How to a Build Dry Creek Bed

How to a Build Dry Creek Bed

How to a Build Dry Creek Bed the text gives you an idea of ​​the Garden.
look at How to a Build Dry Creek Bed article to beautify your garden spaces.

Project Overview

Total Time:
16 hrs

Skill Level:

Estimated Cost:
$3 – $4 per square foot

If you have a slope or low spot on your property where excess water flows or collects, you can correct the problem naturally with a dry creek bed. A creek bed, also called an arroyo, is a shallow trench lined with landscape fabric and filled with boulders and stones of various sizes. During wet weather, excess surface water is channeled down the creek bed to a suitable exit or collection point where the water can percolate down into the soil. This helps prevent pools of water in undesired areas, such as near the house or on a neighbor's property.

A dry creek bed is an effective drainage solution, but it can also be an attractive landscape feature that needs very little maintenance. It’s a form of hardscaping, a non-organic landscape design element. Best of all, you get to decide exactly how it looks, designing the path of the creek and choosing and placing all of the boulders and stones. Once the bed is in place, you can add plants along its edges to enhance the natural look and provide some balance for the hard stone materials.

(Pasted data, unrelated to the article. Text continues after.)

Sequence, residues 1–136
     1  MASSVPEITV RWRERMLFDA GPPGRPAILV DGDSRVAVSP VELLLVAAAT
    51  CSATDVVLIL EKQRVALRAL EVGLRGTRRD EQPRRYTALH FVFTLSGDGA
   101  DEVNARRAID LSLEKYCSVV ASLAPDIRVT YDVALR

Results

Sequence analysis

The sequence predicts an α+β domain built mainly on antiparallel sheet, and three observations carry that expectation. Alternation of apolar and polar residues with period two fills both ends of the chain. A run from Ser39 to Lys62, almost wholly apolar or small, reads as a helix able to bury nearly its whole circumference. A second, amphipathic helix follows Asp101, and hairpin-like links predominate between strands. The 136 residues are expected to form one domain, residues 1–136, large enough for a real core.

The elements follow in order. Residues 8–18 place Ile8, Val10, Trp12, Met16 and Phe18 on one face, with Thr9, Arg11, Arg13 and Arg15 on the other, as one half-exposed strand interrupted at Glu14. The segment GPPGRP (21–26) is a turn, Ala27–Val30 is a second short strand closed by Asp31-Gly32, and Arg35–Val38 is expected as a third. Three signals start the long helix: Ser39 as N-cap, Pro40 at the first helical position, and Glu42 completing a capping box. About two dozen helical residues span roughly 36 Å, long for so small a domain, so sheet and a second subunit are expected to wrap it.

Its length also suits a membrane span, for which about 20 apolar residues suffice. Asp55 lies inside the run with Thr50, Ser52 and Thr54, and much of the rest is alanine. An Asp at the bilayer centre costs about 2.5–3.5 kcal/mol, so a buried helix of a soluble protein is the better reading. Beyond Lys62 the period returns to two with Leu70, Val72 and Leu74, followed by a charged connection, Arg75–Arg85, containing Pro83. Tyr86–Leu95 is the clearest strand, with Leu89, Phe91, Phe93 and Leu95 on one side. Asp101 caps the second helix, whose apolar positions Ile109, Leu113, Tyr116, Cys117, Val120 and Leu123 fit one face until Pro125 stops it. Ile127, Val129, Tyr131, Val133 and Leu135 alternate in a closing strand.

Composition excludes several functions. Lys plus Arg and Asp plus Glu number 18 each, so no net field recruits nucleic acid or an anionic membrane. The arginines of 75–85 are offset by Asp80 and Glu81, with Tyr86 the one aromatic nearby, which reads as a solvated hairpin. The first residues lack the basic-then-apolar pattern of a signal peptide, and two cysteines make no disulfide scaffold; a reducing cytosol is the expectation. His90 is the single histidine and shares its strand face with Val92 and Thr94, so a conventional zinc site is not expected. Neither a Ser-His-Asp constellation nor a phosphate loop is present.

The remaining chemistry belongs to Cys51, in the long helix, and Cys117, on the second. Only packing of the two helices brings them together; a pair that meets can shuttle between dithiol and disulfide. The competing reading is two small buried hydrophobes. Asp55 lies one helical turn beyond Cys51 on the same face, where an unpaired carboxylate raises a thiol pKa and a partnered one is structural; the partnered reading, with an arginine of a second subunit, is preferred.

Codes and Regulations

In many cases, a dry creek bed is not something you need a permit for, but it’s very important to plan the drainage path carefully to direct excess water to an appropriate location. In most areas, it is illegal to send drainage water into the street because it stresses storm sewer systems and can wash lawn treatments and other contaminants into local waterways.

Ideally, a dry creek bed terminates at a natural settling area—well within your property lines—where the water can pool and soak into the soil. If this is not an option, contact your city office for recommendations. You may need to submit plans for your project and gain approval from the appropriate city authority. It's also important to make sure water isn't directed toward neighboring properties, or you might be faced with unhappy neighbors, or possibly a lawsuit.


Before getting started on the project, call 8-1-1, the national “Call Before You Dig” hotline, to have all underground utility lines marked on your property. This is a free service, but it can take a few days, so call well in advance of your start day.

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